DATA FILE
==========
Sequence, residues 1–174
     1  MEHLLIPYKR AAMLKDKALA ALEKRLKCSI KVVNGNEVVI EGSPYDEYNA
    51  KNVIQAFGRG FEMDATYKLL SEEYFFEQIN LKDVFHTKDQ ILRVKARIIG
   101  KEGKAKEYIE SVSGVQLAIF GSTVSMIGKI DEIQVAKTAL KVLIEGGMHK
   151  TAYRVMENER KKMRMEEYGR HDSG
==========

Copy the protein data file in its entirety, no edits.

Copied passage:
Sequence, residues 1–174
     1  MEHLLIPYKR AAMLKDKALA ALEKRLKCSI KVVNGNEVVI EGSPYDEYNA
    51  KNVIQAFGRG FEMDATYKLL SEEYFFEQIN LKDVFHTKDQ ILRVKARIIG
   101  KEGKAKEYIE SVSGVQLAIF GSTVSMIGKI DEIQVAKTAL KVLIEGGMHK
   151  TAYRVMENER KKMRMEEYGR HDSG